When you notice any changes to your skin, it is recommended you visit a skin and mole specialist to have the area assessed. However, during pregnancy, hormones can cause differences to moles and freckles, and understanding what is normal and what isn’t can be difficult.
Here is a rundown on what pigmentation changes to expect…when you are expecting.
Melanocytes are skin cells which produce melanin. Simply put, melanin is colour pigment and when clusters of melanocytes form into a group, it becomes a mole. You can be born with moles, or they can be a result of exposure to the sun. Most moles appear before the age of 20 but can still develop or change over a person’s lifetime. These can be potentially dangerous and may need to be removed if they are flagged as a risk of skin cancer.
Freckles are slightly different, while they are a sign of sun damage their occurrence usually depends on your skin type. Freckles do not lead to cancer and are often seen in those with fairer skin.
When you are pregnant, it is still important to care for your skin and take the time to implement sun protection measures. Hormonal changes can lead to existing moles becoming darker or growing in size and these are usually harmless. New areas of pigmentation may occur, and these may or may not disappear once the baby is born.
Common areas for change include the face, breasts, thighs and armpits. While it is to be expected during pregnancy there will be some pigmentation alterations, it doesn’t mean you should be complacent as there still may be a risk of skin cancer.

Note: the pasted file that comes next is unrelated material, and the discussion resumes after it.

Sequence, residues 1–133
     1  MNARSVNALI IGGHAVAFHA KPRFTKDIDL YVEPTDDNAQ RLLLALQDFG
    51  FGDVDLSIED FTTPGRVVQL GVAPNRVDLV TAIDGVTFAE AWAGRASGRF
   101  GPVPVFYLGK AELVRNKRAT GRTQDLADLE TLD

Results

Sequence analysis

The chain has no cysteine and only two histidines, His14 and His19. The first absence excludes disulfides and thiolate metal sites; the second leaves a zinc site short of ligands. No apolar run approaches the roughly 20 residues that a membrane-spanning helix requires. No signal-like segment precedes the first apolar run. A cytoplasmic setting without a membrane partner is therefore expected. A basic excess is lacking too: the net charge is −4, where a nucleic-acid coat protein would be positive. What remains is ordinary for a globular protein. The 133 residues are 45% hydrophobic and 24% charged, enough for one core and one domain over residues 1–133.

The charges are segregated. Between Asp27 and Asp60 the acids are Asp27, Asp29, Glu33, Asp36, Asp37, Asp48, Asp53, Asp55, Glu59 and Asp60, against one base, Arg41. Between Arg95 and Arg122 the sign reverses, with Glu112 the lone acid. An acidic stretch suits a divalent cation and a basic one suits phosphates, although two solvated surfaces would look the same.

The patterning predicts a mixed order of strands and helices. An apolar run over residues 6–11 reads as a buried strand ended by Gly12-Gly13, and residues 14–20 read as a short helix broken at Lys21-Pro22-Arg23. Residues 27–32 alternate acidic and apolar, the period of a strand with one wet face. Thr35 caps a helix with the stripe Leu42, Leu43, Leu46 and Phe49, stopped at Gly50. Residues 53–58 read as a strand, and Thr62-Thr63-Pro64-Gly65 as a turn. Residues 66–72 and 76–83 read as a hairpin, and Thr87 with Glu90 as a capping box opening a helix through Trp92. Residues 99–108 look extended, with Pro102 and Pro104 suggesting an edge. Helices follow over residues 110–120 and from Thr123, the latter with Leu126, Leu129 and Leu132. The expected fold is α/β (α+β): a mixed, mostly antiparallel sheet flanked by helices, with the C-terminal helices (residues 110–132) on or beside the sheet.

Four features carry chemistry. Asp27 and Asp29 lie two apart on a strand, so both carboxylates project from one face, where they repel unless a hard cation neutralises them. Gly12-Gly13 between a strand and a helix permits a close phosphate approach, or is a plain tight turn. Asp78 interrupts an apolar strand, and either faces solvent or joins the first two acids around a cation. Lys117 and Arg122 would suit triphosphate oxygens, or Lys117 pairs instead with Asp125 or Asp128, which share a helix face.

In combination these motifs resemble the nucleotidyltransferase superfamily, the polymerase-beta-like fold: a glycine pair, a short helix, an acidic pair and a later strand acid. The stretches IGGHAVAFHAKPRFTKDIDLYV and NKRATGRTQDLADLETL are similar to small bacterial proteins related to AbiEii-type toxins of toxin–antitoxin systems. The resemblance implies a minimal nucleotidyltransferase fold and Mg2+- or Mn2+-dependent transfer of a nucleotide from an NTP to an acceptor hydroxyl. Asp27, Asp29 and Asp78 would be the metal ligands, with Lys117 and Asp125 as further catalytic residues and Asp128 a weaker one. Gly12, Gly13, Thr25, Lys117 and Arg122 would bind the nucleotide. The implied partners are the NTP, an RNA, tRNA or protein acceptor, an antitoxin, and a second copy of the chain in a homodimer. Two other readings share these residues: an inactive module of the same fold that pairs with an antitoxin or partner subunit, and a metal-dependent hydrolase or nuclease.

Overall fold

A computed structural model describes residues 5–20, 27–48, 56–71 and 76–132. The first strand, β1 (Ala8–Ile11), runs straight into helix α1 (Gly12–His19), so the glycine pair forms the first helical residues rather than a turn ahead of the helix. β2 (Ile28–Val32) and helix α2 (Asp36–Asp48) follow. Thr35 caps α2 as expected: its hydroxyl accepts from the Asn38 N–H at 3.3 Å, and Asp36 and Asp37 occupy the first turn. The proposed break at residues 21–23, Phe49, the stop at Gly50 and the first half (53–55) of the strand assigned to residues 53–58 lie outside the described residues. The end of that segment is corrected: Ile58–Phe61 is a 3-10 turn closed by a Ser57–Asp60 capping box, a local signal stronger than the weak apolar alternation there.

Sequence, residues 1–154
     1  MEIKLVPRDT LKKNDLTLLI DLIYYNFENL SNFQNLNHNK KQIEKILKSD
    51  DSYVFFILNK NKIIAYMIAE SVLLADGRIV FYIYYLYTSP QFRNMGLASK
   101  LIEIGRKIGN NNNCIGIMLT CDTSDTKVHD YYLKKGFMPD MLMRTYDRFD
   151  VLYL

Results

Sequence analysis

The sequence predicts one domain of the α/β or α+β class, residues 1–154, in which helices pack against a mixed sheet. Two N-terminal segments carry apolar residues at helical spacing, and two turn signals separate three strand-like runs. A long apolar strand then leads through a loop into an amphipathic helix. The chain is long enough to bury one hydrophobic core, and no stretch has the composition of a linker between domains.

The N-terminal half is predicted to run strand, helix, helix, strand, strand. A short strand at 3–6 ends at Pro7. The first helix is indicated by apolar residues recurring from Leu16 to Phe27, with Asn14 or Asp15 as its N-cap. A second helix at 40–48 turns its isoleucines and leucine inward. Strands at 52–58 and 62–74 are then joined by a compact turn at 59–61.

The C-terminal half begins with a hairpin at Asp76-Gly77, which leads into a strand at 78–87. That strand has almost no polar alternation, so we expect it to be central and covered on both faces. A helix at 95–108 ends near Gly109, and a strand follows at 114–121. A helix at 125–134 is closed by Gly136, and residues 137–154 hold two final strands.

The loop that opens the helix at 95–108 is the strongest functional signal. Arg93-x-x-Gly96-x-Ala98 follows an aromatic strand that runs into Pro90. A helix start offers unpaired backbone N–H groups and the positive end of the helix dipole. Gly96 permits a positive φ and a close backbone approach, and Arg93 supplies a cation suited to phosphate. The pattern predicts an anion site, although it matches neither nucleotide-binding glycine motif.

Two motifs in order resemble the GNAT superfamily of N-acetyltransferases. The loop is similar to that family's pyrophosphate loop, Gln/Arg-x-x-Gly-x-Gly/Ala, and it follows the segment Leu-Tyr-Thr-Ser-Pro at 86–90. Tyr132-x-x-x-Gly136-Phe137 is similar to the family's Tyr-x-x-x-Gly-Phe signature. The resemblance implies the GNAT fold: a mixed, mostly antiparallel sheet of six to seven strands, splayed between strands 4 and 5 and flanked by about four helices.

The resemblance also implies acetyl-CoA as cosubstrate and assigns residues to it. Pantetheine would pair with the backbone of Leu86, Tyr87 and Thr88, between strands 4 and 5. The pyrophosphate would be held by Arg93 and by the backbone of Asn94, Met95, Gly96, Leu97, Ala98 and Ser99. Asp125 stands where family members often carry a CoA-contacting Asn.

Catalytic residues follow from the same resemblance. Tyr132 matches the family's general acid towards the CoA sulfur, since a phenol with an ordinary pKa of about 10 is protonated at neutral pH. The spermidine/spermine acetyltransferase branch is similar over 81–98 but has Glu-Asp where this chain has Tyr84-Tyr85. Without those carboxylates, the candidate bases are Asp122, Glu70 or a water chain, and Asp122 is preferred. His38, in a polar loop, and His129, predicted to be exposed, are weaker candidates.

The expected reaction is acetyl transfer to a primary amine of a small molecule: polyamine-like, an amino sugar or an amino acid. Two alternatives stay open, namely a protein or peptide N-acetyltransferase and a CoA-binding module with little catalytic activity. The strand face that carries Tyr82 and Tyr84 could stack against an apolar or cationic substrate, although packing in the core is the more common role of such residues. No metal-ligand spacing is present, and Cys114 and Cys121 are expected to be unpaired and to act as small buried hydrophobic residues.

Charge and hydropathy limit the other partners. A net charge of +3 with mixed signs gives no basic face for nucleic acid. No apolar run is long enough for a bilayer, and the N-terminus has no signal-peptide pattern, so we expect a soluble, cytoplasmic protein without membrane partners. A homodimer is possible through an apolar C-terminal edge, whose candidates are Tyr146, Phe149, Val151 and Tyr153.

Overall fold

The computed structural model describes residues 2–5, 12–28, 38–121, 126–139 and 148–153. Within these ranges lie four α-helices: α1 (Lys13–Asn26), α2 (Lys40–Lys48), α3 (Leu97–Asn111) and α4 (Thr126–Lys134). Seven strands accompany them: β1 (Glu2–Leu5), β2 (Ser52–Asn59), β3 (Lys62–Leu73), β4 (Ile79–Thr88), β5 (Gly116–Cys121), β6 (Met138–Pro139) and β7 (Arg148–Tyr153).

When it comes to moles, there are a few warning signs to be aware of. Common moles generally have even pigmentation, a smooth surface and distinct edges.
Potentially dangerous moles which can lead to melanoma could be large in size, have an uneven surface, colour variations and blurred edges. In addition, keep an eye out for any bleeding, itching or flaking.
Early detection of skin cancer and melanoma can lead to a higher rate of treatment being successful. In Australia, it is estimated there will be 14,320 incidents of melanoma diagnosed with 8,653 males and 5,667 females thrown in the mix. Approximately 1 in 17 people will be diagnosed with melanoma in their lifetime, making it the 4th most common type of cancer in this country. With this in mind, all Australians need to be proactive when it comes to protecting their skin. Minor changes during pregnancy shouldn’t be cause for alarm, but if you are concerned it is best to check with a skincare specialist.
Regular skin checks combined with self-monitoring and adequate sun protection are the best way to reduce the risk of skin cancer. During pregnancy these good habits shouldn’t change, and it is always better to have irregularities checked for your peace of mind.
With multiple locations throughout Perth and the South West there is a clinic near you!